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Spectroscopic and structural characteristics of a dual-light sensor protein, PYP-phytochrome related protein

  • Sum, Jia-Siang1
  • Yamazaki, Yoichi1
  • Yoshida, Keito1
  • Yonezawa, Kento2
  • Hayashi, Yugo1
  • Kataoka, Mikio1
  • Kamikubo, Hironari1, 2
  • 1 Division of Materials Science, Graduate School of Science and Technology, Nara Institute of Science and Technology, Ikoma, Nara 630-0192, Japan
  • 2 Institute of Materials Structure Science, High Energy Accelerator Research Organization (KEK), Tsukuba, Ibaraki 305-0801, Japan
Published Article
Biophysics and Physicobiology
The Biophysical Society of Japan
Publication Date
Sep 01, 2020
DOI: 10.2142/biophysico.BSJ-2020015
PMID: 33194513
PMCID: PMC7610063
PubMed Central
  • Regular Article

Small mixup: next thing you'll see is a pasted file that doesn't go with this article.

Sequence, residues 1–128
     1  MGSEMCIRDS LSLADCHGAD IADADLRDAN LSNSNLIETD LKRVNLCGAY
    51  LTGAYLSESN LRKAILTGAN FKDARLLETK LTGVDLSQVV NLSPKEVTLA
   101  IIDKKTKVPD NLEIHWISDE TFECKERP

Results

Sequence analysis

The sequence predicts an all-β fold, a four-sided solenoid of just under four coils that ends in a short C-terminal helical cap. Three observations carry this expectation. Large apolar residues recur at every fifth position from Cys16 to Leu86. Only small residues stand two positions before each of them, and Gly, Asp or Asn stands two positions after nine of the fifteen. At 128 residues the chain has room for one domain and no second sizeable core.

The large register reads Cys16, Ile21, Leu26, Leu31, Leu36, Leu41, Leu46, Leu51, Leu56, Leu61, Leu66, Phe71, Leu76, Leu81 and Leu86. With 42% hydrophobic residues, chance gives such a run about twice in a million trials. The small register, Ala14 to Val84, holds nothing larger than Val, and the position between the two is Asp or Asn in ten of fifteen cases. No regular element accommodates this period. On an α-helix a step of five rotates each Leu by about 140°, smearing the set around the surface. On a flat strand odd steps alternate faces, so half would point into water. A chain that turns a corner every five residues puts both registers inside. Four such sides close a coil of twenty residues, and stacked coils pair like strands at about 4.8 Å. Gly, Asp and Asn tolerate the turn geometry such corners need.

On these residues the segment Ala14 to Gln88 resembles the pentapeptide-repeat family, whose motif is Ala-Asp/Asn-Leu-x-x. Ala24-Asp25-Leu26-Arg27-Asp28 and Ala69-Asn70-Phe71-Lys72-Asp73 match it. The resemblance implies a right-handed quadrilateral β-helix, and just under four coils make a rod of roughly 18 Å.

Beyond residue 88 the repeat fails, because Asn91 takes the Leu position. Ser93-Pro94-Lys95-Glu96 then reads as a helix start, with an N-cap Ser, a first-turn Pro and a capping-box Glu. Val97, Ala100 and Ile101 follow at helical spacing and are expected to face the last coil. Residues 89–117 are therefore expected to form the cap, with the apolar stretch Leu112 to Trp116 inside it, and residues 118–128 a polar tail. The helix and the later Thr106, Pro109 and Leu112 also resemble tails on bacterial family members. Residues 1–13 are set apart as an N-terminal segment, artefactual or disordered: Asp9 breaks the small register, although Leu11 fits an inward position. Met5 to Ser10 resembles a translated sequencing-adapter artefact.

PYP-phytochrome related (Ppr) protein contains the two light sensor domains, photoactive yellow protein (PYP) and bacteriophytochrome (Bph), which mainly absorb blue and red light by the chromophores of p -coumaric acid ( p CA) and biliverdin (BV), respectively. As a result, Ppr has the ability to photoactivate both domains together or separately. We investigated the photoreaction of each photosensor domain under different light irradiation conditions and clarified the inter-dependency between these domains. Within the first 10 s of blue light illumination, Ppr (Holo-Holo-Ppr) accompanied by both p CA and BV demonstrated spectrum changes reflecting PYPL accumulation, which can also be observed in Ppr containing only p CA (Holo-Apo-Ppr), and a fragment of Ppr lacking the C-terminal Bph domain. Although Holo-Apo-Ppr showed PYPL as a major photoproduct under blue light, as seen in the Bph-truncated Ppr, the equilibrium in the Holo-Holo-Ppr was shifted from PYPL to PYPM as the reaction progresses under blue light. Concomitantly, the spectrum of Bph exhibited subtle but distinguishable alteration. Together with the fact, it can be proposed that Bph with BV influences the photoreaction of PYP in Ppr, and vice versa. SAXS measurements revealed substantial tertiary structure changes in Holo-Holo-Ppr under continuous blue light irradiation within the first 5 min time domain. Interestingly, the changes in tertiary structure were partially suppressed by photoactivation of the Bph domain. These observations indicate that the photoreactions of the PYP and Bph domains are coupled with each other, and that the interplay realizes the structural switch, which might be involved in downstream signal transduction.

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